The Most Lethal Part of Cancer

Wednesday, November 11, 2015

The most lethal part of cancer is that it spreads.

Stopping the spread of cancer, known as metastasis, would be a leap forward in treatment. However, first, we must better understand why and how metastasis happens.

Most cancers start as a primary tumor named for the tissue in which it originates. The cancer then spreads to other organs, with many cancers commonly spreading to the lymph nodes, lungs, spleen, liver and thymus.

There remain a few big questions about why metastases happen. First, what are the underlying genetic changes that lead to metastasis? And secondly, how do metastases develop and spread from the primary tumor? The development could be linear, where an single metastasis occurs and then spreads from one organ to the next. Or the development could be parallel, with multiple metastases originating from the primary tumor and spreading separately.

A recent paper from the Balmain lab at UCSF has begun to answer these questions.

This work published in Nature Medicine on November 2nd used mouse models to track the spread of carcinoma, a type of cancer that originates in the skin and the linings of the body’s cavities. The lead author, graduate student Melissa McCreery, took specific steps to most accurately mimic human cancer in these models.

“We used mice crossed to a strain of wild mice so that every mouse in our cohort was genetically unique. Using this, we could model some of the genetic diversity seen in the human population in our mouse population,” said McCreery.

In addition, McCreery followed a treatment course similar to humans, surgically removing the primary carcinoma. As in humans, this removal allowed for extended survival of the mice and led to the development of metastases, which could then be analyzed.

McCreery extracted DNA from tumors in each stage and in all affected organs, and sequenced them to examine what mutations led to metastasis and track their course of development. As a comparison, normal tissue and early-stage forms of the carcinoma were also sequenced.

By comparing mutations found in the sequences of the metastases to the sequence of the primary tumor, they were able to determine how related each of the tumors were to each other.

Strikingly, McCreery found that the sequences of the metastases were equally related to the primary tumor, suggesting that they all disseminated at the same time in parallel, rather than sequentially.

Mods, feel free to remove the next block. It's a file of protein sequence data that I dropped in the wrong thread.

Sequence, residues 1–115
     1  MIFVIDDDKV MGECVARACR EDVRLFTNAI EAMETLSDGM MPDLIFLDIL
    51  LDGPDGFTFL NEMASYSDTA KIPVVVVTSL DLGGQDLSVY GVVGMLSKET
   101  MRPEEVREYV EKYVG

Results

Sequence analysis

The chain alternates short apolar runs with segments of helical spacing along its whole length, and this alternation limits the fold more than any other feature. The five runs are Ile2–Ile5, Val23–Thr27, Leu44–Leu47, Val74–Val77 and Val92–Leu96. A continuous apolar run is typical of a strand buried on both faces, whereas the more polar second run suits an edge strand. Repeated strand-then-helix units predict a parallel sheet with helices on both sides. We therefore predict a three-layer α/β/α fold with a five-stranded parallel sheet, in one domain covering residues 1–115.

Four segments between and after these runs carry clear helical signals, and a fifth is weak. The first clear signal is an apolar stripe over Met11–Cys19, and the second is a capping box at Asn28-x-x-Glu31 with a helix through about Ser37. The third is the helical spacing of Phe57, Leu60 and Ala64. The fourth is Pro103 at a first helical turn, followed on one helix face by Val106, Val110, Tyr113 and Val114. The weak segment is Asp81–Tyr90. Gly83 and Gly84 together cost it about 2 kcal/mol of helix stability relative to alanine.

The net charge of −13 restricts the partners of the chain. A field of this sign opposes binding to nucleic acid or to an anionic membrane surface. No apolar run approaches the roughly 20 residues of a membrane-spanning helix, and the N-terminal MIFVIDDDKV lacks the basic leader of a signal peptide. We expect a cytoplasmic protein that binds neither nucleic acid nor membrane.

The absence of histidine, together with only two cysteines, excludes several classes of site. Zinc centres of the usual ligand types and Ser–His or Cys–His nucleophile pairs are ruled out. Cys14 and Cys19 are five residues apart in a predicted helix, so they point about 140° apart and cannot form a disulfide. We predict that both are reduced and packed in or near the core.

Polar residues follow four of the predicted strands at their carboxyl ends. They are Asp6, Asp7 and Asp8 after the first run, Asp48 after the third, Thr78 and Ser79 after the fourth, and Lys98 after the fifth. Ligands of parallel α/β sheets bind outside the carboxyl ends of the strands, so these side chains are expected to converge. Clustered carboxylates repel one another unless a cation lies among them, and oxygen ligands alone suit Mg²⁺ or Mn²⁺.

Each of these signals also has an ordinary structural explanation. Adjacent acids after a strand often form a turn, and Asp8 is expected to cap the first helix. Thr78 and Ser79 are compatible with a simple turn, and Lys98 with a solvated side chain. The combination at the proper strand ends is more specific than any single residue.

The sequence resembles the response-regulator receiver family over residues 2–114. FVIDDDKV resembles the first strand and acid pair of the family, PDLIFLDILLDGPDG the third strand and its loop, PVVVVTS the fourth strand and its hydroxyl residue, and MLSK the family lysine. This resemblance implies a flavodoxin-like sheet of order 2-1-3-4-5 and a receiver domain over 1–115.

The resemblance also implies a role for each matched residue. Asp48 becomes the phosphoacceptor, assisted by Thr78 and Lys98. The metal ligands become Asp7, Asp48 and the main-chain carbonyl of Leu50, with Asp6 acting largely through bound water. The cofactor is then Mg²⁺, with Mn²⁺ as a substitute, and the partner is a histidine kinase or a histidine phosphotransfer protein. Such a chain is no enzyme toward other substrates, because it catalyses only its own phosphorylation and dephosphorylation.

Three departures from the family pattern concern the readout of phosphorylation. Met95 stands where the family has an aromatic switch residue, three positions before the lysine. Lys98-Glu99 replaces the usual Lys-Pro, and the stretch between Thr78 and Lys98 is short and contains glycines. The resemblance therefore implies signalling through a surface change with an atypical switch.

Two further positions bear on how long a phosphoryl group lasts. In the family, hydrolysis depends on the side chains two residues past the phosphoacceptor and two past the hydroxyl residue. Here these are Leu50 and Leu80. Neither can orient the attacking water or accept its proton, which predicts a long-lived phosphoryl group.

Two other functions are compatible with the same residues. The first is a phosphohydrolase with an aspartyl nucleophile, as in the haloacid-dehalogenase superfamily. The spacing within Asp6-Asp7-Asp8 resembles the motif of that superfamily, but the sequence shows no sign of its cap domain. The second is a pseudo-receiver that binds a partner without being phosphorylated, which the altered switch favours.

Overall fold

Furthermore, in comparing sequences, McCreery found that not all primary carcinomas led to metastases. In fact, in a single mouse, different primary carcinomas coexisted, some that had led to a metastasis and others that had not.

Having directly comparable samples allowed the authors to delve into the question of why some primary tumors cause metastasis, and others do not. In particular, the authors were able to identify mutations in a couple key genes that may contribute to a tumor’s ability to spread. Furthermore, “in our unpublished data, we found that the tumors that metastasize, tend to have more mutations than the tumors that did not metastasize,” McCreery said.

The results from this work have a direct relevance to cancer treatment in the clinic.

“First, it’s important that we think about what types of interventions and surgeries are actually going to help people. If we believe that tumors spread in parallel to many different organ sites at once, then taking out lymph nodes and doing a localized surgery is not necessarily going to be helpful for patient survival,” said McCreery.

“Second, we observed that tumors seemed to spread very early. They had probably already spread by the time we saw the primary tumor. If tumors are spreading before they’re ever seen by a doctor or a patient, the question becomes how do you keep a distant, small metastasis in check, rather than how do you keep the primary tumor from spreading in the first place.”

While future work is necessary to determine if this parallel model of metastasis is true for all cancer types, this work is an important step forward in understanding how metastasis happens and how to better treat it.